Have you ever wondered which is the most important human sense?

The most developed, or the one you can’t do without?

Sight? Hearing? Smell?

What a strange question, you may think. For me, it was central during the Covid-19 pandemic, when touch practices were classified as “non-essential”.

A classification that quickly made me indisposed, wondering if there were any who still knew about the terrible psychology experiments of the ’50s. One that struck me most was that of Professor Harlow, an American psychologist, who took baby monkeys away from their mothers and put them in isolated cages with 2 maternal substitutes. One was made of bare wire, the other covered with a soft cloth. The most striking experiment was the one in which the wire doll dispensed milk, but when frightened, the babies took refuge in the soft cloth one to snuggle up. Alongside the findings on attachment theory, this led to the conclusion that touch is essential for harmonious psycho-emotional development.

In this light, you may be able to recall a whole series of sensations? A feather on your arm, the wind on your face, a hot shower, the texture of a tree trunk, a crunchy cookie in your mouth, etc.

But let’s get back to our sense organs. On closer inspection, the largest sensory organ we have is our skin. This skin, a border membrane, informs the inside of what’s going on outside to help us adapt to our environment. It becomes darker in the sun, wetter in the heat and tighter in the cold. If I think of it as the boundary organ between inside and outside, we can add everything that covers the respiratory tract and the intestinal wall. In short, everything that interacts in the separation and exchange between inside and outside.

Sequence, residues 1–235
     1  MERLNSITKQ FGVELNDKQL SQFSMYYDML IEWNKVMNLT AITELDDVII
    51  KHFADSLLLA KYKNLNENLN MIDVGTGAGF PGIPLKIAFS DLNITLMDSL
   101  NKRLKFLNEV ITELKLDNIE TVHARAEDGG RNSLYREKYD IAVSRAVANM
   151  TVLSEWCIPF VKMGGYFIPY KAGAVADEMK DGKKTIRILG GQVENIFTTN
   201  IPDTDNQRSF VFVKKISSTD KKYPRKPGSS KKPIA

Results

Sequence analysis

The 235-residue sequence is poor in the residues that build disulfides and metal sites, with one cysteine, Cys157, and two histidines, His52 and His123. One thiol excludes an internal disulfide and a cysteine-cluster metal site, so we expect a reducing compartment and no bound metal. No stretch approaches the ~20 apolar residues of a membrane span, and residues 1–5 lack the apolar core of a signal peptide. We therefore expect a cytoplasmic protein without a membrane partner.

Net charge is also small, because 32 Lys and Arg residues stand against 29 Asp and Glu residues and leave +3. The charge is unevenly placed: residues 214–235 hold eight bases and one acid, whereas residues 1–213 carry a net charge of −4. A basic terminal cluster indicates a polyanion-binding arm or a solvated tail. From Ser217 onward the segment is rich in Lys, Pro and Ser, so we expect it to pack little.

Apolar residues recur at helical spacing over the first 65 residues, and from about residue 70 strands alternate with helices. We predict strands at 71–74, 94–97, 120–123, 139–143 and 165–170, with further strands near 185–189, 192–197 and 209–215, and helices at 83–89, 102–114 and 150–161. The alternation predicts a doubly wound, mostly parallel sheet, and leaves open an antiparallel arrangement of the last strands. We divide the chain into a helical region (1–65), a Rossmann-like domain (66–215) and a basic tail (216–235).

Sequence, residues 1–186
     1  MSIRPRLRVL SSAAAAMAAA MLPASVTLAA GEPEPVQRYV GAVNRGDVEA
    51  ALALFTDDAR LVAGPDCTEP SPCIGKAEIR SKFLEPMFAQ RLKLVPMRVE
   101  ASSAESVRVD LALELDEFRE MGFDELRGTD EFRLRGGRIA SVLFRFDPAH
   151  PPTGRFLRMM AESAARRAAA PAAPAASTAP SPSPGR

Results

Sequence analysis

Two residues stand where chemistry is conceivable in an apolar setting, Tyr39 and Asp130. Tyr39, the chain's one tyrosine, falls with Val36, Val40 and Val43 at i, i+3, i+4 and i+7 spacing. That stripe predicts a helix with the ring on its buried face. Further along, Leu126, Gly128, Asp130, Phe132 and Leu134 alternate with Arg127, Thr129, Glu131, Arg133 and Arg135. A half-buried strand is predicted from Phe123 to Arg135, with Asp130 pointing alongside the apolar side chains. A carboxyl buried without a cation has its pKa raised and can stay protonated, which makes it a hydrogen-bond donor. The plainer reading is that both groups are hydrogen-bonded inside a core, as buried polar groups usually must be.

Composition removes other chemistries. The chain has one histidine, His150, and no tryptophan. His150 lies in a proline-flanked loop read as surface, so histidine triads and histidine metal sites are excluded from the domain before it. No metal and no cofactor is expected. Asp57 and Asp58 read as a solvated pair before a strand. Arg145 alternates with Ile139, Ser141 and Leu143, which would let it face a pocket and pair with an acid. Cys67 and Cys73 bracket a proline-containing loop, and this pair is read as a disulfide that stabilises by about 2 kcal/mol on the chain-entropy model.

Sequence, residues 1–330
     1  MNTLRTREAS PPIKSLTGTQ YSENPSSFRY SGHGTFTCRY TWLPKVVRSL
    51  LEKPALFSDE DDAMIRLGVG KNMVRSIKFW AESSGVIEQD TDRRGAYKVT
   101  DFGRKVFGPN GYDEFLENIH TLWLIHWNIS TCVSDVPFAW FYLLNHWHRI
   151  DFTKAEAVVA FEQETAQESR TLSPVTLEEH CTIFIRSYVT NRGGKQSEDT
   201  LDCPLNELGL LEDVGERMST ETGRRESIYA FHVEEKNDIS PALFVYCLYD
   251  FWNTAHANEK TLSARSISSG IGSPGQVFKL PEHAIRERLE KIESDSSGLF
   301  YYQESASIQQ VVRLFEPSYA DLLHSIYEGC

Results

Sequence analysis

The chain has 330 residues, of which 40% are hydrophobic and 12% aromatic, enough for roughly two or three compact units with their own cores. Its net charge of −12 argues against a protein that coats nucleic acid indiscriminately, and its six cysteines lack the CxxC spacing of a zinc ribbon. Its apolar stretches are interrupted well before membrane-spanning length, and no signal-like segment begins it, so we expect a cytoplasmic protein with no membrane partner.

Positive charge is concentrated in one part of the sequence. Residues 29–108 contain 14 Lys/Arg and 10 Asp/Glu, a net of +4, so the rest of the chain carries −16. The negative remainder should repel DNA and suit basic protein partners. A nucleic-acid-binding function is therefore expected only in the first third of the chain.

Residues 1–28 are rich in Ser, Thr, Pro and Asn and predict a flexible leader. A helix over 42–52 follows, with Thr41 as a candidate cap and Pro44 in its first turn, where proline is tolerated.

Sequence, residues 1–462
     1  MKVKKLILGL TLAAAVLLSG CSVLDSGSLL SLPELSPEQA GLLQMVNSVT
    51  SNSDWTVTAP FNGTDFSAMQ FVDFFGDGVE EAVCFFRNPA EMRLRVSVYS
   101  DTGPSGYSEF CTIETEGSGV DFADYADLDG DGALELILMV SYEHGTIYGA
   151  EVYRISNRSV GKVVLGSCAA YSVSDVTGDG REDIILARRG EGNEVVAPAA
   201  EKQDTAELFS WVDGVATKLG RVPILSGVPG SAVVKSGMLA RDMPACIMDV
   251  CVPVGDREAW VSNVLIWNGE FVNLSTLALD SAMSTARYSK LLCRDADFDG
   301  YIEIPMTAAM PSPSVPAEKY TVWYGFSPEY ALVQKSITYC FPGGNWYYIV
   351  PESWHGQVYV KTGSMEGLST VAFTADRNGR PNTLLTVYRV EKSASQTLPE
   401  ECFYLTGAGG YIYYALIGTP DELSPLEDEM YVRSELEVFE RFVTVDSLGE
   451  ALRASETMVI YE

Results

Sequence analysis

When someone around us needs support, a hand on the shoulder makes us feel present. A hug often takes the pressure off. A hand on the arm, a caress on the face or in the hair brings us back to the here and now.

Beyond loving gestures, the sensation of touch brings us back to the essential moment of being. This sensation invites us to return to ourselves, to relax, to become aware of ourselves through our bodies.

For me, shiatsu carries with it this essential element. Beyond the symptoms that can be acted upon, the first thing that counts most is the way a hand touches. Much more than a body, it’s the whole person who is touched through that body. Shiatsu practitioners know this art of the essential: returning to the body-mind and taking care of the moment and the being. There’s no longer any question of the divergence between well-being and therapy: simply returning to the moment and to oneself is a source of letting go in this moment-promise.